You’re reading a copy of this week’s edition of the New Cannabis Ventures weekly newsletter, which we have been publishing since October 2015. The newsletter includes unique insight to help our readers stay ahead of the curve as well as links to the week’s most important news.
All of the current focus on the pandemic and consequent surges in demand for cannabis from “essential” service providers may be obscuring a really important development for the sector. One of the most vexing challenges for those of us who read and interpret financial statements has been the concept of “biological assets”. If you don’t know what that is, we will tell you below, but the good news is that it doesn’t matter any longer for many companies, as several are transitioning from International Financial Reporting Standards (IFRS) to U.S. Generally Accepted Accounting Principles (GAAP).
Because so many shareholders and/or directors of companies listed in Canada are American, many cannabis companies are no longer “foreign private issuers” and are required to change their financial reporting. Some of the largest cannabis companies have already announced the pending change, including Acreage Holdings, Canopy Growth, Cronos Group, Green Thumb Industries, iAnthus Capital, MedMen and Village Farms, and we expect more over time will need to make this transition as well.
The most important implication that investors should understand is that it will eliminate the need for reporting fair value changes in biological assets, which will allow for better comparability and a better understanding of the operational performance of companies. Those who follow the New Cannabis Ventures Public Cannabis Company Revenue & Income Tracker are likely aware that our adjusted operating income metric’s sole adjustment is to take reported operating income and add back or subtract any reported changes in the fair value of biological assets.
Simply put, biological assets are the cannabis plants, and, oddly enough, changes in their value, which are based on many inputs, flow through the income statement, resulting in some very odd results. We have seen, for example, companies report gross profits in excess of revenue. Yes, the cannabis, under IFRS, can have a negative cost of production! In the early days of revenue generation for Canadian LPs, a great portion of the quarterly conference calls was spent by flustered CFOs trying to explain this concept to frustrated analysts. Fortunately, companies have been doing a better job of breaking it out, but still many investors and much of the media have struggled to understand the need to disregard these accounting gains or losses when evaluating the bottom-line.
While it’s still early to see what other changes beyond the elimination of biological asset accounting will transpire, Canopy Growth’s CFO, Mike Lee, gave a nice preview in the company’s February conference call, and GTI’s recent financial report reinforced his perspective. Beyond biological asset accounting, he highlighted that the amortization of right-of-use assets will no longer be included in depreciation, which will have the impact of reducing adjusted EBITDA. GTI discussed this as a factor in their Q4 financials as well. Additionally, there will be changes to the classification of certain other financial assets and liabilities, but, like biological assets, these will have no impact on adjusted EBITDA.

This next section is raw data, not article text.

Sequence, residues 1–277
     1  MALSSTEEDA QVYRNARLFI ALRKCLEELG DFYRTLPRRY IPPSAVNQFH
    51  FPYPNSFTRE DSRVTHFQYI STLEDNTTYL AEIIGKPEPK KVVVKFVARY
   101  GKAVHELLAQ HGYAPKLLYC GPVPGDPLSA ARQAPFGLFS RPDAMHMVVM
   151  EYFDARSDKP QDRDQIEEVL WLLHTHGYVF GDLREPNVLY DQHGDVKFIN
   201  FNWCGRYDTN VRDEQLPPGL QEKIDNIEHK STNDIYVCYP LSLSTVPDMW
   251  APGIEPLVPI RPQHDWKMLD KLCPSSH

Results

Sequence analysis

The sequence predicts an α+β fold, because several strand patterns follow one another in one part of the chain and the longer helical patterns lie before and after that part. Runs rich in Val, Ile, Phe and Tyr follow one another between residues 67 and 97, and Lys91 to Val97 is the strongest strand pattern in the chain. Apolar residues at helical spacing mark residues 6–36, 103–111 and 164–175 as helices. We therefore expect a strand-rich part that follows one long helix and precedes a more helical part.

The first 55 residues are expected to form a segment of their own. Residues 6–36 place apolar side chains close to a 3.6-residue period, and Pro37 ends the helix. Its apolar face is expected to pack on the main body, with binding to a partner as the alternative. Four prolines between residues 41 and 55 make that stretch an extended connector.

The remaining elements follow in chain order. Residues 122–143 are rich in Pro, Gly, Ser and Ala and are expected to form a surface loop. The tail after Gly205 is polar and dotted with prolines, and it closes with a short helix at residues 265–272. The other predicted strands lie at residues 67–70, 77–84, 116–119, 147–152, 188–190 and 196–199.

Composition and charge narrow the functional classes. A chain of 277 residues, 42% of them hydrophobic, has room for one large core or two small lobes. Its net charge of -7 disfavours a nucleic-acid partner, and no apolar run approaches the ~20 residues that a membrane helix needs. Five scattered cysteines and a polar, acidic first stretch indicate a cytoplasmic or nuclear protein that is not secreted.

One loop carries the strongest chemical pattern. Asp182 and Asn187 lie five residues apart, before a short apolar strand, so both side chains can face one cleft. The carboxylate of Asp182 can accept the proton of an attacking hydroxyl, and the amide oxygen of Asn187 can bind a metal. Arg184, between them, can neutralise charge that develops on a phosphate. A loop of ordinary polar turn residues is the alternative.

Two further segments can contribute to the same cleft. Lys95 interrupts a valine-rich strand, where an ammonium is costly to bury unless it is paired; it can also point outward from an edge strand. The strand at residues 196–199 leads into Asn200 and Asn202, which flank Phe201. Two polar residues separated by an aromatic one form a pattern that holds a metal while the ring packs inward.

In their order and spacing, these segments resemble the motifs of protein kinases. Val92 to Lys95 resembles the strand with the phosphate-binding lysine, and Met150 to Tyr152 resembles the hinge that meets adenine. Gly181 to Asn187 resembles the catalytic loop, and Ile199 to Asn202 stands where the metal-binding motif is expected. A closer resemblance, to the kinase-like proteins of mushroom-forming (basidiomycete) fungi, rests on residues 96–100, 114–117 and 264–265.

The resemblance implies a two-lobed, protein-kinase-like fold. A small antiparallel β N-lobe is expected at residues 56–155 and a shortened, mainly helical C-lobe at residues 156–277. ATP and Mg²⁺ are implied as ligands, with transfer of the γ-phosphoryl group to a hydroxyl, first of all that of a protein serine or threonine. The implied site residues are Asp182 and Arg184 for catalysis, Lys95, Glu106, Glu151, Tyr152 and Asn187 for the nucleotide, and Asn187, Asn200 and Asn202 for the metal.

Cannabis investing is already challenging enough, and having volatile and difficult-to-understand financial results due to quirky accounting rules has not helped build confidence among investors. We think that the transition to U.S. GAAP for many companies will provide less volatility in gross profits and operating income and allow better comparability going forward.
Following its $55 million equity offering in September, several sale/leaseback transactions and its $100 million debt deal which closed in February, Cresco Labs is well capitalized to scale its operations within its existing footprint of 11 U.S. states that reaches 63% of the addressable American cannabis market. The company is well positioned in its home state, Illinois, is capitalizing on the robust Pennsylvania market and recently acquired the leading distributor in California. Today, Cresco Labs is deploying a robust strategy focused on top-line growth, margin improvement and a capital agenda that will yield superior return on invested capital.
Get up to speed by visiting the Cresco Labs Investor Dashboard that we maintain on their behalf as a client of New Cannabis Ventures. Click the blue Follow Company button in order to stay up to date with their progress.
New Cannabis Ventures publishes curated articles as well as exclusive news. Here is some of the most interesting business content from this week:
- Charlotte’s Web to Acquire Topical CBD Manufacturer Abacus Health Products in All-Stock Transaction
- Curaleaf Q4 Revenue Increases 136% to $74.5 Million
- GrowGeneration Expects 2020 Revenue to Increase to $130-135 Million
- GTI Q4 Revenue Grows 265% to $75.8 Million
- Harvest Health and Verano Holdings Abandon Cannabis Merger Plans
- J.P. Morgan Backs CBD Marketer Charlotte’s Web with $10 Million Secured Credit Line
- KushCo Holdings Moves to Reduce Costs and Names Stephen Christoffersen as CFO
- Exclusive: Massachusetts Orders Adult-Use Cannabis Retailers to Close for Two Weeks
- Exclusive: Publicly Traded Ancillary Cannabis Company Warns About Its Ability to Survive as Both Independent Directors Quietly Resign
- Exclusive: This Manitoba-Based Cannabis Company Is Leveraging a Diversified Strategy to Expand Across Canada
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Alan & Joel